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Airtightness of buildings in Poland

Implementation of the European Energy Performance of Buildings Directive (EPBD) introduced the first legal airtightness regulations into the 2008 Polish Building Codes. Unfortunately these provisions are currently not sufficiently precise or developed in relation to testing procedures to ensure appropriate airtightness. Generally there is a low level of awareness, experience and knowledge among architects, designers, investors, contractors and there are no certification requirements imposed for measurement companies.

Airtightness assessment of single family houses in Belgium

Airtight construction lies at the heart of achieving high energy performance in dwellings. But how well does it apply in new construction? This paper presents results from airtightness measurements on 44 randomly selected, standard new built single family houses in Belgium and from 4 case studies including 78 additional measurements. The houses were randomly selected after completion, to assure that standard workmanship was used during construction.

Consideration of Envelope Airtightness in Modelling Commercial Building Energy Consumption

As strategies for improving building envelope and HVAC equipment efficiencies are increasingly required to reduce building energy use, a greater percentage of energy loss will occur through building envelope leakage. Although the energy impacts of unintended infiltration on a building's energy use can be significant, current energy simulation software and design methods are generally not able to accurately account for envelope infiltration and the impacts of improved airtightness.

Estimates of Uncertainty in Multi-Zone Air Leakage Measurements

Although standards for single-zone air leakage tests are widely used, there are no existing standards for several multi-zone cases including: 1) testing air leakage between adjacent zones or 2) testing leakage to the outside from a single unit in a multi-zone building. While a range of test procedures have been used to determine inter-zone leakage using fan-pressurization, the accuracy of the methods can vary significantly. Using field measurements and simulations, we compared the uncertainty in the leakage between two adjacent zones for different measurement and calculation methods.

Recent Applications of Aerosol Sealing in Buildings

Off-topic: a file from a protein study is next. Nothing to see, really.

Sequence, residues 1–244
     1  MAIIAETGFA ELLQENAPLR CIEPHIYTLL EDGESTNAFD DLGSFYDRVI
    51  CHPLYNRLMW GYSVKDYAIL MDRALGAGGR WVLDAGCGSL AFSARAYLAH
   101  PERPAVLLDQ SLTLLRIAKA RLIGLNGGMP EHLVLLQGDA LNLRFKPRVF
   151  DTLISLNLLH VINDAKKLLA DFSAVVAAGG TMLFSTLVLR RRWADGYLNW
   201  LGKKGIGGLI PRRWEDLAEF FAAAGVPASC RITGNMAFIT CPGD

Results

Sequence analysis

This paper describes two recent applications of aerosol sealing techniques in buildings for improving indoor air quality and reducing energy required for heating, cooling, and ventilation. One application applies a commercially-available duct sealing technology, which has typically been used in single-family applications, to large-building exhaust systems. The initial leakage rates, percent leakage sealed, and issues encountered are presented for several large buildings.

Analysis of U.S. Commercial Building Envelope air Leakage database to support sustainable building Design

In 1998, NIST published a review of commercial and institutional building airtightness data that found significant levels of air leakage and debunked the "myth" of the airtight commercial building (Persily, 1998). Since then, NIST has expanded and maintained a database of whole building envelope leakage measurements of U.S. commercial and institutional buildings.

Airtightness in New and Retrofitted U.S. Army Buildings

The Engineer Research and Development Center, Construction Engineering Research Laboratory (ERDC-CERL) recently developed design/construction strategies that improve the energy efficiency, reduce the potential for mould, and improve indoor air quality in newly constructed buildings and buildings undergoing major renovations. ERDC-CERL performed building envelope leakage tests on Army facilities to test their general integrity and the effect of increased airtightness on building energy consumption.

Leakage Reductions for Large Building Air Sealing

This paper presents results from whole building air leakage tests used to document the leakage reduction due to envelope sealing and assess the accuracy of contractor's estimates of the impact of their sealing. The measurements also compare the differences in envelope leakage reductions determined from depressurization versus pressurization tests and determine mechanical system leakage.

The Changing Requirements of Airtightness in the US for Commercial Buildings - The Airtightness of Mid and High-Rise Non-Residential Buildings

Concern over the airtightness of commercial buildings in North America goes back to the mid nineteen sixties, and with increasing concern in the mid-seventies, primarily due to the energy crisis, but also due to building performance, comfort and durability issues. The Model Canadian National Building Code was the first to adopt airtightness requirements for air barriers in 1985 and quantify it in 1995.

Experimental Research on the Attenuation Rules of Personalized Air-Conditioning Nozzle Jet Flow in Aircraft Cabins

A full size simulation laboratory aircraft cabin comprising three rows of seats has been built. This represents the Airbus A320 and the China C919 aircraft. Experimental research on the attenuation rule of the individual air-conditioning isothermal jet flow from nozzles positioned above the seats was conducted. The results show that axial air velocity continuously decreases with increasing cross-sectional distance. For a distance x < 0.4 m, (the axis air velocity sharp attenuation area), the velocity of attenuation slows.

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